Ask any student to name the most influential person in their education experience and most likely the student would name a teacher. Rarely a principal. Never a superintendent.
Which is why when GUSD announced that Dr. Winfred B. Roberson, Jr. would no longer be in charge of the district, the news generated more of a ripple than a tsunami.
Roberson now joins the ranks of recent GUSD supers who seem intent on not staying very long.
Since I began my career in GUSD, there have been 9 superintendents including 4 interim appointees. That averages out to a new one every 3 years.
Looking at the past three decades, each successive superintendent leaves Glendale earlier than his predecessor.
Robert A. Sanchis’s term ran 14 years, James R. Brown lasted 8, Michael F. Escalante 6, Richard M. Sheehan 5, and Roberson 3. It is getting to the point where whoever becomes the next superintendent might as well hold the title of “interim.”
The Brown Center on Education Policy at the Brookings Institution found that the average tenure of a superintendent is between three and four years, concluding that “hiring a new superintendent is not associated with higher student achievement.”
With changes in superintendents comes shake-ups in other upper management positions. The instability is alarming. If a school had as many teachers coming and going, the education of children would be negatively impacted.
This begs the question: how important is a superintendent, the highest paid employee in the district at a quarter of a million dollars?
New superintendents tend to establish their authority via some new cockamamie education program that is mandated for implementation in all classrooms without teacher input. Veteran teachers know to ride such fads out and don’t get too riled up about it because it will last as long as the superintendent remains in office.
When Sheehan was here, he persuaded GUSD to sign a five-year contract worth $3.4 million with Massachusetts-based Curriculum Associates to use their i-Ready diagnostic testing program. The edict: evaluate each kindergartner through 12th grader three times a year. One year later, Sheehan left. Not soon thereafter, the massive endeavor was quickly downsized.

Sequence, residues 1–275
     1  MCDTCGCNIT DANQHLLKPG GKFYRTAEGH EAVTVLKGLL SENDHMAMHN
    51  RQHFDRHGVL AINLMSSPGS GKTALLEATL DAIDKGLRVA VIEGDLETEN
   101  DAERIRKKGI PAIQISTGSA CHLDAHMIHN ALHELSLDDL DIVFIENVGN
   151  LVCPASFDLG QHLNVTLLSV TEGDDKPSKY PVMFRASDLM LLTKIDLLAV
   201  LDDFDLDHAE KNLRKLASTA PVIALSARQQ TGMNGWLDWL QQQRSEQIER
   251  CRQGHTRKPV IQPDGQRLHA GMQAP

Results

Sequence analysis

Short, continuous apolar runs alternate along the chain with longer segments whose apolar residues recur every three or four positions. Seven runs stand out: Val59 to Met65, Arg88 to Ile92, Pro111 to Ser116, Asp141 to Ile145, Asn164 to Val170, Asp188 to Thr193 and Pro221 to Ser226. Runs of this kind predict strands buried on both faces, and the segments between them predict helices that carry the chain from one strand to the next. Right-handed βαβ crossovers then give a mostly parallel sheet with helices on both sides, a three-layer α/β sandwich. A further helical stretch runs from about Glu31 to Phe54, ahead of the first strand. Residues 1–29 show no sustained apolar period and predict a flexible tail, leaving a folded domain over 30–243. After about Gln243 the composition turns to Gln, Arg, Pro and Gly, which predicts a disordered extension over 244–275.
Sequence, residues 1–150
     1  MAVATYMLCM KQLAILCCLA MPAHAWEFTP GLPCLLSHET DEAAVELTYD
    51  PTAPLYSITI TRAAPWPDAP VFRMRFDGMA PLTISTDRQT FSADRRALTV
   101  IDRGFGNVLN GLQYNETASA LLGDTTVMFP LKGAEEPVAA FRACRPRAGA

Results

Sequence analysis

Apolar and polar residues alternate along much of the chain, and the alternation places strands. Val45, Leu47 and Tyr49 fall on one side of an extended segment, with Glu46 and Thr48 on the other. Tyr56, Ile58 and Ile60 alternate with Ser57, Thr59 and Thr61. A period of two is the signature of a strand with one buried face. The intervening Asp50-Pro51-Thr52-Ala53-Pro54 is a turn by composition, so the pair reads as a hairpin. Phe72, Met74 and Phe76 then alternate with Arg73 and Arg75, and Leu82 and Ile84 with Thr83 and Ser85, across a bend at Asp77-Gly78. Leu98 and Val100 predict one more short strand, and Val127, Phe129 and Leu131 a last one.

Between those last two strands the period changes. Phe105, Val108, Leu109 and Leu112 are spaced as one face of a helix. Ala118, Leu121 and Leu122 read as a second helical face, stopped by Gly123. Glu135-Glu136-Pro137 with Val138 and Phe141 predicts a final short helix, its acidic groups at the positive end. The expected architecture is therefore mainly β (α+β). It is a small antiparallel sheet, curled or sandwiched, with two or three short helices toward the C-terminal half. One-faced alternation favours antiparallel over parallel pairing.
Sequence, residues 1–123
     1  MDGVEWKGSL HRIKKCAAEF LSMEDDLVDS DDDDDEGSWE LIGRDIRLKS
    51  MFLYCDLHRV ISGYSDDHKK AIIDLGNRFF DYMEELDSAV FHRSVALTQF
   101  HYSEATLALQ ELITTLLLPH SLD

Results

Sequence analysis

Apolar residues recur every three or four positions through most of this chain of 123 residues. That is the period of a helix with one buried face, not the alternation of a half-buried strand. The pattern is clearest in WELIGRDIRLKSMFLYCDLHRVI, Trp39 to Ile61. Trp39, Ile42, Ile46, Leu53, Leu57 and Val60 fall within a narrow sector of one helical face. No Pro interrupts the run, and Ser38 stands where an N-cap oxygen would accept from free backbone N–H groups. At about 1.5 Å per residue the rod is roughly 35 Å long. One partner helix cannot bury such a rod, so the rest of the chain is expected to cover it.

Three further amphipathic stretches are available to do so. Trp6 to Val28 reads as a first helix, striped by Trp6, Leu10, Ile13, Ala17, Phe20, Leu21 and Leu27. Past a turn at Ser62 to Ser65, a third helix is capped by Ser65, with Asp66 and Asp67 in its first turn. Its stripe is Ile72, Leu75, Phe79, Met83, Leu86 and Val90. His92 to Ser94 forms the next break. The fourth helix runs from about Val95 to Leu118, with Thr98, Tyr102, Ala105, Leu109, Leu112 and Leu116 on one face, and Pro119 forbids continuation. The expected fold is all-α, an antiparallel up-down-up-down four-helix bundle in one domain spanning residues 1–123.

In its hunt for the next super, GUSD has a list of seven employee search firms expected to submit proposals. Often the cost is around $25,000. One of those is McPherson & Jacobson, hired by GUSD in 2016 who found Roberson. Since he did not work out, why is this firm even in the running?
And with the high turnover rate, one wonders if it might dissuade a quality candidate from coming here.
I understand the importance of hiring an experienced superintendent, but since the recent ones came outside of the district and didn’t have a prior stake in the community, the school board should consider hiring a fresh face from those who currently work at district headquarters, especially those who taught in Glendale schools. They would be less likely to leave thus offering stability, something this district desperately needs.
Meanwhile, the portraits of GUSD’s superintendents keep decorating the wall in the Board Room. Roberson, Sheehan, Escalante and company (including the 10-month legacy of 1937’s Norman B. Whytock) will forever remain memorialized, while the faces of teachers who have devoted 25, 35, 45 years of service are nowhere around.
But here’s the thing—despite the maneuvers of the school board and the high turnover rate of upper management, Glendale students still receive a quality free education. Unfortunately, the people responsible for it remain invisible in the halls of district headquarters.